Racist slurs found written into dust on cars in Whitman St. parking garage

Annie Lu and Bellamy Richardson

Cars were defaced with racial slurs written into dust on the back windshields. (Bellamy Richardson/The Williams Record)

Students discovered racial slurs written in the dust on the windshields of approximately six cars parked in the garage on Whitman Street, near the ’62 Center for Theatre and Dance, and reported the incident to Campus Safety Services (CSS) on Saturday evening. This is the latest in a series of bias incidents that have occurred on campus this fall, following an anti-Black racial slur written on a chalkboard in the Writing Center’s meeting room and the defacement of the Soldiers Monument with graffiti of a Confederate flag and the word “Rebel.”

Li Platz ’24 owns one of the cars that was defaced with the N-word, which was written in dust on the back windshield. She and her friends were on their way to a concert in North Adams when she noticed the racial slur on her car, she told the Record.

“The N-word was written in full,” she said. “At that point, we were pretty shocked, but we didn’t have time to really look around, and we didn’t really notice anything crazy, so we just wiped it off and then drove to the concert.”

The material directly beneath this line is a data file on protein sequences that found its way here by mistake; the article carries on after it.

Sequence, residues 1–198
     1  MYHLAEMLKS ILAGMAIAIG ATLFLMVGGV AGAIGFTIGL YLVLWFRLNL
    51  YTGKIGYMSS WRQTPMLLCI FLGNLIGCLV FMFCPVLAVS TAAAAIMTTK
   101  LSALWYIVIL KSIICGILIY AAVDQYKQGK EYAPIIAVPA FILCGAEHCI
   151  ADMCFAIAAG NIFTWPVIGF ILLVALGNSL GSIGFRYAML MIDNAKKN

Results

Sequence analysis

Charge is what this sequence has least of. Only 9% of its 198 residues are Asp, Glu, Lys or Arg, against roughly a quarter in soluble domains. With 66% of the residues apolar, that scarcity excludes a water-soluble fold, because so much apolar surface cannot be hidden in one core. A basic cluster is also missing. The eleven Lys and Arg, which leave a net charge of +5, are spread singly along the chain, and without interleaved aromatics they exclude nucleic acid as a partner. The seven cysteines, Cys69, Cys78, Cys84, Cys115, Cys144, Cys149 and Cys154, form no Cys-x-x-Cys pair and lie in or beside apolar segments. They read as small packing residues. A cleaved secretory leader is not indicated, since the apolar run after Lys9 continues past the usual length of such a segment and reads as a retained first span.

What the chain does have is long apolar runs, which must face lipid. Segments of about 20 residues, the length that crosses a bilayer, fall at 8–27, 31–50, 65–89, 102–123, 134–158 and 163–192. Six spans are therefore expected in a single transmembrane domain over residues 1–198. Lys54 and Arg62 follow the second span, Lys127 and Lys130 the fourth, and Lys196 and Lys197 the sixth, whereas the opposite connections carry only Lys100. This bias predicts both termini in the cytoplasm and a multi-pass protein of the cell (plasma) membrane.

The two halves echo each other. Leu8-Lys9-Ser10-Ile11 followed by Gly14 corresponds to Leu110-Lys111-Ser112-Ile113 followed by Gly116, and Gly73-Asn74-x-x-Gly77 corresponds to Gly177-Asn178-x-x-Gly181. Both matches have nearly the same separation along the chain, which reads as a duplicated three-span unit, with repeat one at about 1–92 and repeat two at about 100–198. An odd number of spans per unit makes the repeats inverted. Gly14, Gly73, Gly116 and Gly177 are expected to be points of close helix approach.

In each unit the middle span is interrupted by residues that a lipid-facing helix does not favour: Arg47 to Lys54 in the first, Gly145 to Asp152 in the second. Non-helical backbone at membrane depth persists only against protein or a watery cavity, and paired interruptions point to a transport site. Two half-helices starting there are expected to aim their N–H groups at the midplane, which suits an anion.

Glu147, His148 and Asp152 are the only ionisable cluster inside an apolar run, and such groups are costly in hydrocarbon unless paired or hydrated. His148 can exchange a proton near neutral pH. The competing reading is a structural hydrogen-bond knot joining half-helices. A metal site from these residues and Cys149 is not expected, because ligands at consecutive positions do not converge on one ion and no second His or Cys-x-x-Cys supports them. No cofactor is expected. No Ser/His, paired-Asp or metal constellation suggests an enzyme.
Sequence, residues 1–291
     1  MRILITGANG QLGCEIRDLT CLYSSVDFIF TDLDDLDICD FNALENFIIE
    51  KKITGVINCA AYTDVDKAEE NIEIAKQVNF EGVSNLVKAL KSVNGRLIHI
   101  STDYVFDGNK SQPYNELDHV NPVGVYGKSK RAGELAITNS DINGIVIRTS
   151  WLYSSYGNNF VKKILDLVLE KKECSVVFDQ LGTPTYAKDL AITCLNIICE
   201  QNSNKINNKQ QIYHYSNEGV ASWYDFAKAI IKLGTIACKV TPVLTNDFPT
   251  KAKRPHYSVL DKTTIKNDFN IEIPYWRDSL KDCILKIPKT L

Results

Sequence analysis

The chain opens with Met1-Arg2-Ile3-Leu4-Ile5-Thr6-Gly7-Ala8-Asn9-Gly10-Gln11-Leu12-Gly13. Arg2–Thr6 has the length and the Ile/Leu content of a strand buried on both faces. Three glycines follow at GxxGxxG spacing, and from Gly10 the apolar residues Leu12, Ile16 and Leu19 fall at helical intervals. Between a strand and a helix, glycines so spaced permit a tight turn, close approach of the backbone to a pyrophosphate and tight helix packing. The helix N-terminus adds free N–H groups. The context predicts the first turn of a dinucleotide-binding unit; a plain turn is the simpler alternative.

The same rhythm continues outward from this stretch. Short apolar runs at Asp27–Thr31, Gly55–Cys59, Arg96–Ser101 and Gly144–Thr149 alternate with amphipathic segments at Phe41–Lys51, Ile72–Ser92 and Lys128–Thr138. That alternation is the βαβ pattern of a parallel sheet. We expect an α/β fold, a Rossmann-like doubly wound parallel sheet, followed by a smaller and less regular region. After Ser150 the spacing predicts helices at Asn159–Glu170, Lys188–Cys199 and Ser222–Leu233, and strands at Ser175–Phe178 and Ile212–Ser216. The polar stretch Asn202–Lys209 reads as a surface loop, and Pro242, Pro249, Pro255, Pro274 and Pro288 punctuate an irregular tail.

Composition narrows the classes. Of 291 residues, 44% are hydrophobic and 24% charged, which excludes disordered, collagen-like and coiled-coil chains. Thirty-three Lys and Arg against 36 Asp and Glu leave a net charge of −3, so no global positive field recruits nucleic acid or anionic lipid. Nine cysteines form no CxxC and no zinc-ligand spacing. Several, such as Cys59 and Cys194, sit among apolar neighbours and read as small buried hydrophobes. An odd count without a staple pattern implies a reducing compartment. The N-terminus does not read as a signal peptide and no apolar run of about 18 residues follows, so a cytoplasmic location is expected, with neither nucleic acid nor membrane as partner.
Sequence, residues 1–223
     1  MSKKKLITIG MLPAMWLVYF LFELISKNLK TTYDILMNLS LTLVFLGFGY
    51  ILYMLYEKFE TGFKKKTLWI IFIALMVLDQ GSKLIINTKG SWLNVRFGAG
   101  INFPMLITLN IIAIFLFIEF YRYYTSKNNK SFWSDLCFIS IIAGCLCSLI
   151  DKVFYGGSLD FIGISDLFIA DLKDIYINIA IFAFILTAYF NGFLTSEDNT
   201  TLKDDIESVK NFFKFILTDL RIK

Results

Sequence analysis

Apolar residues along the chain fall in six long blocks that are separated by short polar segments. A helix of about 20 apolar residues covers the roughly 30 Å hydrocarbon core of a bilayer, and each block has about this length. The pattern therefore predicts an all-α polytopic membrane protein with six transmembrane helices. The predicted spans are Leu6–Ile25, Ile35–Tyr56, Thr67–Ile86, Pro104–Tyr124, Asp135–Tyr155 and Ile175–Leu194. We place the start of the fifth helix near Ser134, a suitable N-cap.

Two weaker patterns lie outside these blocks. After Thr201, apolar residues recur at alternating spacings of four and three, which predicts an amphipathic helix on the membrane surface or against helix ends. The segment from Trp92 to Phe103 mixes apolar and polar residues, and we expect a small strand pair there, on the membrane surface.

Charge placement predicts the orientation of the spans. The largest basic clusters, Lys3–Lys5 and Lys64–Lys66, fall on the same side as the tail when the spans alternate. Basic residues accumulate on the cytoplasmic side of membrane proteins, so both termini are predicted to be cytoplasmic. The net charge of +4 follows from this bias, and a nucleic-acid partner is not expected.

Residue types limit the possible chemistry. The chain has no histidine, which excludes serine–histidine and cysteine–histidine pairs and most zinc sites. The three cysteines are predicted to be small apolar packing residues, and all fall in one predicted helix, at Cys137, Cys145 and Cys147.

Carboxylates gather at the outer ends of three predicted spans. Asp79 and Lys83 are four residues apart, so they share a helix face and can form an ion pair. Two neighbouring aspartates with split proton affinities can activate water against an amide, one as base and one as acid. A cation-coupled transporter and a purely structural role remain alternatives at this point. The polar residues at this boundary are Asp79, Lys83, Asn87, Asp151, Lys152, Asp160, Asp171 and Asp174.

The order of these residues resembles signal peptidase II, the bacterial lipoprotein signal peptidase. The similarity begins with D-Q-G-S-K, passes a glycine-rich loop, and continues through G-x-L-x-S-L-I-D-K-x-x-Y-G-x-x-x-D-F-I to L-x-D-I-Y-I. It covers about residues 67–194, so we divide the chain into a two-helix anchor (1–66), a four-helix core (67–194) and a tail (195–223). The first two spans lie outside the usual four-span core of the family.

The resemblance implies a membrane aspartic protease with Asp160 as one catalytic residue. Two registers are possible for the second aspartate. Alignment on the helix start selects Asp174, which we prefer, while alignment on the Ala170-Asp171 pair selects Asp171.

But when Platz and her friends returned to campus at around 10 p.m., they noticed similar offensive words and drawings on several other cars’ windshields. “[The vehicles] had been defaced either with just the racial slur or … a caricature of Donald Trump or something, and then a few cars had some other phrases written on them,” Platz said. “At that point, we were like, ‘We need to call CSS and report it.’”

Platz’s friend called CSS to report the incident, and officers arrived to take pictures of the back windshields of the cars before wiping off the dust, removing the racist words and images.

After receiving the incident report, CSS reached out to the Williamstown Police Department (WPD), according to Director of CSS Eric Sullivan.

So far, CSS and WPD have not identified a culprit for this specific incident and cannot explicitly link it to the other recent bias incidents. “Excluding the statue incident (because we identified the individual and the circumstances involved), there is no way for us to link these cases together other than the repeated unacceptable words used,” Sullivan said.